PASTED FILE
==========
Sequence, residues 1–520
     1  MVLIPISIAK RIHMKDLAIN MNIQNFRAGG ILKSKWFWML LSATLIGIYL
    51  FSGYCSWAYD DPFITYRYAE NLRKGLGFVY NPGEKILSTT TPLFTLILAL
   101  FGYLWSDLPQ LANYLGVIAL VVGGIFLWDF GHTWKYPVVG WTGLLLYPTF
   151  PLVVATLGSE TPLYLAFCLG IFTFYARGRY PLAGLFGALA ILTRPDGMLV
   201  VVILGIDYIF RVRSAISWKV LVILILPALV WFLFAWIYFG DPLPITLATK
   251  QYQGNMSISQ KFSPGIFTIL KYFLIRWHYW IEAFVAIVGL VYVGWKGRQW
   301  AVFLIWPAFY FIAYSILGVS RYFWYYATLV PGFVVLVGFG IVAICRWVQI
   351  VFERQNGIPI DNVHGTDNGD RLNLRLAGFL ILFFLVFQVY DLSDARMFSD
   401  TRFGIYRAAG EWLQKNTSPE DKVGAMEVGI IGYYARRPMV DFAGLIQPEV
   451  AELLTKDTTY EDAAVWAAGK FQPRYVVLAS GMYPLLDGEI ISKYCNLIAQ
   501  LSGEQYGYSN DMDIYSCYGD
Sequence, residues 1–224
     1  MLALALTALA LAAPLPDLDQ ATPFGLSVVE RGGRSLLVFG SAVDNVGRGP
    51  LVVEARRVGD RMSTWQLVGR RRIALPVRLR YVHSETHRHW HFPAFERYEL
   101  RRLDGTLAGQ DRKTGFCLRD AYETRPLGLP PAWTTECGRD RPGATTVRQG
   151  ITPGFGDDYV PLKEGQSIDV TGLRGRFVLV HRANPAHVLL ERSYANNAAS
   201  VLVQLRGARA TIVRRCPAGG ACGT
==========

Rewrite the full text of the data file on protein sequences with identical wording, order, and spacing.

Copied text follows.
Sequence, residues 1–520
     1  MVLIPISIAK RIHMKDLAIN MNIQNFRAGG ILKSKWFWML LSATLIGIYL
    51  FSGYCSWAYD DPFITYRYAE NLRKGLGFVY NPGEKILSTT TPLFTLILAL
   101  FGYLWSDLPQ LANYLGVIAL VVGGIFLWDF GHTWKYPVVG WTGLLLYPTF
   151  PLVVATLGSE TPLYLAFCLG IFTFYARGRY PLAGLFGALA ILTRPDGMLV
   201  VVILGIDYIF RVRSAISWKV LVILILPALV WFLFAWIYFG DPLPITLATK
   251  QYQGNMSISQ KFSPGIFTIL KYFLIRWHYW IEAFVAIVGL VYVGWKGRQW
   301  AVFLIWPAFY FIAYSILGVS RYFWYYATLV PGFVVLVGFG IVAICRWVQI
   351  VFERQNGIPI DNVHGTDNGD RLNLRLAGFL ILFFLVFQVY DLSDARMFSD
   401  TRFGIYRAAG EWLQKNTSPE DKVGAMEVGI IGYYARRPMV DFAGLIQPEV
   451  AELLTKDTTY EDAAVWAAGK FQPRYVVLAS GMYPLLDGEI ISKYCNLIAQ
   501  LSGEQYGYSN DMDIYSCYGD
Sequence, residues 1–224
     1  MLALALTALA LAAPLPDLDQ ATPFGLSVVE RGGRSLLVFG SAVDNVGRGP
    51  LVVEARRVGD RMSTWQLVGR RRIALPVRLR YVHSETHRHW HFPAFERYEL
   101  RRLDGTLAGQ DRKTGFCLRD AYETRPLGLP PAWTTECGRD RPGATTVRQG
   151  ITPGFGDDYV PLKEGQSIDV TGLRGRFVLV HRANPAHVLL ERSYANNAAS
   201  VLVQLRGARA TIVRRCPAGG ACGT